Moreover, The Tenant of Wildfell Hall focuses on how alcoholism affected the upper class. At the time, there was a stereotype that drunkenness was mainly found among the working poor. Temperance reformers preached to the poor, urging them to moderate their drinking to improve themselves and rise up in society. To dispel the stereotype that only the poor suffer from alcoholism, Anne Brontë shows how the upper class can fall prey to excessive drinking due to their idle lifestyle. Landed gentlemen like Arthur Huntingdon live on the labor of others and do not need to take up an occupation. As such, they are free to lead lives of indulgence and dissipation.
The insidious nature of alcohol addiction is also explored in The Tenant of Wildfell Hall. When Arthur is engaged to Helen, he assures her that he is “no tippler” and that he values his comfort and good looks too much to become the “slave of a single propensity.” Without being aware of it, Arthur becomes addicted, not knowing when his drinking crossed the threshold. Ultimately, his awareness of the ill effects of excessive drinking does not save him from gradually sliding into alcoholism.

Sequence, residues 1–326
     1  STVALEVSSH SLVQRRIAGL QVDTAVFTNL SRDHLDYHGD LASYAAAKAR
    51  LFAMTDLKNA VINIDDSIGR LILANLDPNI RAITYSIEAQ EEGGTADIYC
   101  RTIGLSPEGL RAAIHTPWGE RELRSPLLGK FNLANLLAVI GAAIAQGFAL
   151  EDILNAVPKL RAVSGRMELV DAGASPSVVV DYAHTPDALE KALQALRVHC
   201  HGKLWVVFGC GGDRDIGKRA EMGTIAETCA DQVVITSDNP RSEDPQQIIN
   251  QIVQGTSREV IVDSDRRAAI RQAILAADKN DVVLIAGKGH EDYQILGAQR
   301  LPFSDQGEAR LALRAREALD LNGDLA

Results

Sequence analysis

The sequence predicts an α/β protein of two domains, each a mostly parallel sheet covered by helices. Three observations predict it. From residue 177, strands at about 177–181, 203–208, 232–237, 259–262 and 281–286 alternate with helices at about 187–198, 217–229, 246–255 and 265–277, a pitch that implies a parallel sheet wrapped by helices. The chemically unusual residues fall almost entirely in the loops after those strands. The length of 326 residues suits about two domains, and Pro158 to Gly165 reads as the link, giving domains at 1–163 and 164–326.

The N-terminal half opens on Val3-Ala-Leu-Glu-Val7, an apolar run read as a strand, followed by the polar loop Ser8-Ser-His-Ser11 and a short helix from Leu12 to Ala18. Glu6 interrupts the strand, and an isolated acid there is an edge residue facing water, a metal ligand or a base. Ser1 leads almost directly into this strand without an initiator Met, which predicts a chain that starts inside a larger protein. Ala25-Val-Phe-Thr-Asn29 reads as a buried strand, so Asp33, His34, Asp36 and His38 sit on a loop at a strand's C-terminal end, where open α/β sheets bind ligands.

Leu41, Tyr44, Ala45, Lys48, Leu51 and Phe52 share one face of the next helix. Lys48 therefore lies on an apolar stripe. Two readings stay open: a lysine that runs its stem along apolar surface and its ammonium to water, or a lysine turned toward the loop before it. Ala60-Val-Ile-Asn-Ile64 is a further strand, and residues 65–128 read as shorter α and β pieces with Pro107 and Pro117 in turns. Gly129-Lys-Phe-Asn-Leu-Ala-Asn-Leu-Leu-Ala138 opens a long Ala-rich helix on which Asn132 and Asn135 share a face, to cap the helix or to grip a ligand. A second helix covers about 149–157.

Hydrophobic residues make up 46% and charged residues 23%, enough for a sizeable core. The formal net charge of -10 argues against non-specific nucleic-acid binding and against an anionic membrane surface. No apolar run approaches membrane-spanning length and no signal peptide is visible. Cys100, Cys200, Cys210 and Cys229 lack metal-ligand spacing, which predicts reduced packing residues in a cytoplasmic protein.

In the Victorian era, the common belief was that women were meant to be the ‘angel of the house.’ In other words, they were supposed to keep the house in order and use their gentle nature to restrain their husband’s behavior. As a young and naive girl, Helen believes she can become Huntingdon’s “angel-monitress” and reform him after marriage.
She finds out, however, that it is impossible to help someone who does not want to help himself. Instead of becoming the ‘angel of the house,’ she is abused by Huntingdon, who refuses to change his ways. The Tenant of Wildfell Hall thus critiques this womanhood ideal for being unrealistic and giving women the false belief that they can reform their husbands through their efforts.